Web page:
CEOs wade into climate debate

25 February 2015

Having asked in January if CEOs care about the climate, several CEOs waded into the debate in February.  Jonathan Grant looks at where they agree and disagree.

Paul Polman (Unilever) and Richard Branson (Virgin Group) called for governments to adopt the ambitious target of net zero carbon emissions by 2050.  Although the target is consistent with governments’ long held goal of limiting warming to 2 degrees, it is raising eyebrows in the energy sector.

The net zero target implies a rapid transition away from fossil fuel use in all countries in 35 years.  Process emissions from cement and steel production would need to be captured.  And at the same time, land management practices would need to switch from being a significant source of emissions (from deforestation), to being a carbon sink for those hard to tackle sources of emissions. So achieving the target by 2050 looks extremely challenging.

PwC's Low Carbon Economy Index calculates the pace of change required to achieve the 2 degree goal.  This is more than five times faster than our current rate of decarbonisation, which is why we have questioned the feasibility of that goal.  Achieving the target would require rapid technology change and international cooperation that may be beyond what many voters will support or consumers will buy.

Anticipating increased demand for energy over the medium term, which up until now has been mostly provided by fossil fuels, energy companies also ask whether zero net emissions by 2050 is realistic.  Many energy companies see themselves being part of the transition away from fossil fuels and at the heart of a new carbon capture and storage industry.  The debate is about when and how, not if.  Both of Shell's New Lens scenarios reach net zero by 2100. However, net zero by 2050 would require a much more rapid transition than the fossil fuel industry is prepared for or believes is possible.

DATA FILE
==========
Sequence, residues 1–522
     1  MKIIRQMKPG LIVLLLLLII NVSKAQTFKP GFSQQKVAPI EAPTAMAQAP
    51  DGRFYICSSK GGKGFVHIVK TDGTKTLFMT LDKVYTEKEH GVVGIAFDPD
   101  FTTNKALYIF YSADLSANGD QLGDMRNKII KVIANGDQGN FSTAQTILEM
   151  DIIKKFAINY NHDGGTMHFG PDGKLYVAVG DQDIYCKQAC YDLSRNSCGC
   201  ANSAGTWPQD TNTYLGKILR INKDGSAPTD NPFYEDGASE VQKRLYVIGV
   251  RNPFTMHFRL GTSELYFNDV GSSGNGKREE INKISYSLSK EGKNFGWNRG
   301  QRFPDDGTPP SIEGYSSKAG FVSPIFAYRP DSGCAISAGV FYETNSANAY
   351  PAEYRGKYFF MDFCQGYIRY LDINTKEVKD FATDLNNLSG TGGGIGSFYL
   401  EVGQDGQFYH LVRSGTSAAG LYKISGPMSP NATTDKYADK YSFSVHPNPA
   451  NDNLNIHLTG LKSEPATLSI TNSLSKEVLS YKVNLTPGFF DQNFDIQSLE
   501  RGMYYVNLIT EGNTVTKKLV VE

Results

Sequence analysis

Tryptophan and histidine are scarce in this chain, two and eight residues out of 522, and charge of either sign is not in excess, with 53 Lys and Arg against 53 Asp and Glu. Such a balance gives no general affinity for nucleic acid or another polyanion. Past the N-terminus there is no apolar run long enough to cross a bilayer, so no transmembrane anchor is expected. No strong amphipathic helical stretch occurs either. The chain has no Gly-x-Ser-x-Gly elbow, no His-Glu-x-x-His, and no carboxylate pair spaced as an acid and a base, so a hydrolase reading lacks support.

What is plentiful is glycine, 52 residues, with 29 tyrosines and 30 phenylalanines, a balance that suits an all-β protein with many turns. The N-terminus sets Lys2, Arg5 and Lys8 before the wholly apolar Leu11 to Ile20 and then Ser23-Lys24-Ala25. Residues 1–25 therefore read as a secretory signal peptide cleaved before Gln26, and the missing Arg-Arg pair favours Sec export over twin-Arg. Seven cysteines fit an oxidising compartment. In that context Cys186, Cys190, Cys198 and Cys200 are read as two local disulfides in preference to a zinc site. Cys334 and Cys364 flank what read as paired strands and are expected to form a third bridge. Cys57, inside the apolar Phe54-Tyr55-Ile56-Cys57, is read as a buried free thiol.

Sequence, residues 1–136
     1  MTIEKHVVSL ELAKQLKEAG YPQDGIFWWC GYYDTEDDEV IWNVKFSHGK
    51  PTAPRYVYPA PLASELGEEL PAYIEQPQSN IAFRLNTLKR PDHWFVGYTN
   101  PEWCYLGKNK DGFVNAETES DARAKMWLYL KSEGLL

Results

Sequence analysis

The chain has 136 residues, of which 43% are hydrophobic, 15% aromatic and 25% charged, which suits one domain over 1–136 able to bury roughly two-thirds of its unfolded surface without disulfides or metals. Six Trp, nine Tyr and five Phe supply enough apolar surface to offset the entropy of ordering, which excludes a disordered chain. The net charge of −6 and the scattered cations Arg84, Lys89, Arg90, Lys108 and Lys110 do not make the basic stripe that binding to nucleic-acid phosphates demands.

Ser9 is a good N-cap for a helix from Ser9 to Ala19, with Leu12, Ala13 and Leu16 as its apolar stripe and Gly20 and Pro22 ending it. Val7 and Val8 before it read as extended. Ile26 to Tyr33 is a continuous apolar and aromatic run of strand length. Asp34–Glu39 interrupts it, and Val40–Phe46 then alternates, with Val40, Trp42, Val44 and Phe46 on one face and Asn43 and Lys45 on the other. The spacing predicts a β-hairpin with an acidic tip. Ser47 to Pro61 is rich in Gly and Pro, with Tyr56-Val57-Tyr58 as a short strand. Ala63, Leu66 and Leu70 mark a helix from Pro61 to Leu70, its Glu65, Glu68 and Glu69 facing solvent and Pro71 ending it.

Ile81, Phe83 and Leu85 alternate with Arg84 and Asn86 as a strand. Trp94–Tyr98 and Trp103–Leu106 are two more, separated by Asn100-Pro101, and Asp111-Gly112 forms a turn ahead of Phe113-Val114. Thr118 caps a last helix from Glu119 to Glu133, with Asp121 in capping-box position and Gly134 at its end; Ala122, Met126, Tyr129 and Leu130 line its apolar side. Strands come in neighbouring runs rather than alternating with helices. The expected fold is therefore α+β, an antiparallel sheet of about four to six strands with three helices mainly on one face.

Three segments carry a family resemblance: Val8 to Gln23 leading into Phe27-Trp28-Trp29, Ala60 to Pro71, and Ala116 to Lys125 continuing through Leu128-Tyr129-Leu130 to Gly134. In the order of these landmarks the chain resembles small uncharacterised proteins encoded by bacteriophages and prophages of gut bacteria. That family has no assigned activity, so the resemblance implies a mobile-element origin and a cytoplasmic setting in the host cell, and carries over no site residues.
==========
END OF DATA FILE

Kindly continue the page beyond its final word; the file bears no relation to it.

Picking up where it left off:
Oil companies are now getting more engaged as the issue has moved from fringe groups, to activist investors and more recently to mainstream investors and regulators.  In a speech in mid-February, Shell’s CEO, Ben van Beurden suggested that energy companies needed to be “less aloof, more assertive” in the debate.  Although not addressing net zero emissions directly, he said that the debate about sustainable energy needed more balance and that calls for fossil fuels out, renewables in were “simply naïve”. 

Some in the oil industry now want to shift the spotlight onto coal. Shell and Statoil advocate for the switch from coal to gas to significantly reduce emissions.  The latest UK statistics on emissions from power generation show emissions from coal are 0.907 tCO2/MWh compared with 0.395 tCO2/MWh from natural gas.

What Polman, Branson and van Beurden all agree on is the need for a strong carbon price that is applied globally.  Unfortunately, it is not something that gets much attention in the latest negotiating text at the climate talks.